The survey indicates that overall financial inclusion in Uganda has increased, with formal inclusion currently standing at 81 percent, up from 77 percent in 2018. Currently, SACCOs have extended their reach to 98 countries, boasting a substantial membership of more than 400 million individuals and holding assets worth USD 3.6 trillion.

In Africa, statistics from the World Council of Credit Unions (WOCCU) released in 2022 indicate that the continent has a combined total SACCO membership of more than 43 million, holding about USD 24.5 billion in total assets compared to Europe’s USD 36.7bn, Oceana USD 112.5bn, Asia’s USD 640 billion and North America’s USD 2.5trillion.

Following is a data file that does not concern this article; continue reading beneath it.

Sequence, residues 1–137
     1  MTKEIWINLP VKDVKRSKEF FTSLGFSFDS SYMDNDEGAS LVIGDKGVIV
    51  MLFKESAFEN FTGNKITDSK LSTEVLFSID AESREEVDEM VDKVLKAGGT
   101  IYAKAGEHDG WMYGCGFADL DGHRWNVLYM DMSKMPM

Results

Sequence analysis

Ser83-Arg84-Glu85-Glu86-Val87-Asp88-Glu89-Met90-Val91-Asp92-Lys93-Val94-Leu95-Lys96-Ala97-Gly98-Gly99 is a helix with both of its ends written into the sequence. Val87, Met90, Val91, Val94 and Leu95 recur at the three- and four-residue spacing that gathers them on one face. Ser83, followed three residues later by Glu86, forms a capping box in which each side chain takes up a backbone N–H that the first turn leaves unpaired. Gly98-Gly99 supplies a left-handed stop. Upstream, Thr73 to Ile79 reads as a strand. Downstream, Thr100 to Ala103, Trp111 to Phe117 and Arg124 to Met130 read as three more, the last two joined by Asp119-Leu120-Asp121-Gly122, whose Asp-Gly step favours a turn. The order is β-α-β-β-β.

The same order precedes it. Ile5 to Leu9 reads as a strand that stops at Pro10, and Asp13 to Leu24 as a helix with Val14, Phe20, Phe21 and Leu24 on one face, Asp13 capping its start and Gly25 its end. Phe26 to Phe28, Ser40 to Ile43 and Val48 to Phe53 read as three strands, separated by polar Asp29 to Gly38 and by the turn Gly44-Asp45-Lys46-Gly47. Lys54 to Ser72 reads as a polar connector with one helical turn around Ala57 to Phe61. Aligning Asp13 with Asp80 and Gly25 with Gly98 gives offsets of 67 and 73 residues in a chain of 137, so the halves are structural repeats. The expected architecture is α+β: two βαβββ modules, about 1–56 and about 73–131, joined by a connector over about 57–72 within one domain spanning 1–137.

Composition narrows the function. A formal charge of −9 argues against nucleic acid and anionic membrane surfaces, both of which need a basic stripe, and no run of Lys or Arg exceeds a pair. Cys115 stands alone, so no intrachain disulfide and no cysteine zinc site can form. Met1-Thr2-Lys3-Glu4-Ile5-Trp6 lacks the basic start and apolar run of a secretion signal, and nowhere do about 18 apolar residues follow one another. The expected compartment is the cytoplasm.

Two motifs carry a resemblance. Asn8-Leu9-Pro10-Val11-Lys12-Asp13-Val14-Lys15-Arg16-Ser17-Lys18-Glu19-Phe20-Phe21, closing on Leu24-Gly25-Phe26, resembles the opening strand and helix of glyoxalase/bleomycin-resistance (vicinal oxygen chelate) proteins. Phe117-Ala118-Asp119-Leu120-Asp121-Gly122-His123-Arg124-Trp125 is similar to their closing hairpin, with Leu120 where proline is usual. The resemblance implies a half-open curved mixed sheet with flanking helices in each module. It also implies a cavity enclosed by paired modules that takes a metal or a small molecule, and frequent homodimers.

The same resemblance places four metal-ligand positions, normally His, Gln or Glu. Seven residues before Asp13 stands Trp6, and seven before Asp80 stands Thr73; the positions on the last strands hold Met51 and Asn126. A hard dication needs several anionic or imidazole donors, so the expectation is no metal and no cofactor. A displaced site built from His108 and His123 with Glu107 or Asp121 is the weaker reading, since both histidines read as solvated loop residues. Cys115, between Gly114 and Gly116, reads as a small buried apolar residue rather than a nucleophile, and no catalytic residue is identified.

Kenya leads the continent with 10.7 million SACCO members and assets worth USD 21.8 billion, demonstrating the profound impact of SACCOs in fostering financial inclusion.

Other African countries with the highest SACCO members include Ethiopia and Rwanda, with a membership of 6.1 million and 4.1 million and holding USD 807.6 million and USD 347.9 million, respectively. Uganda has just over one million SACCO members belonging to 896 credit unions.

The growth in SACCOs aligns with the reality that a significant portion of the global population, approximately 1.4 billion people, remains unbanked. The Global Findex Report for 2021 identifies reasons such as lack of awareness, limited access, inconvenience, unstable income, and trust as contributing factors to this staggering statistic.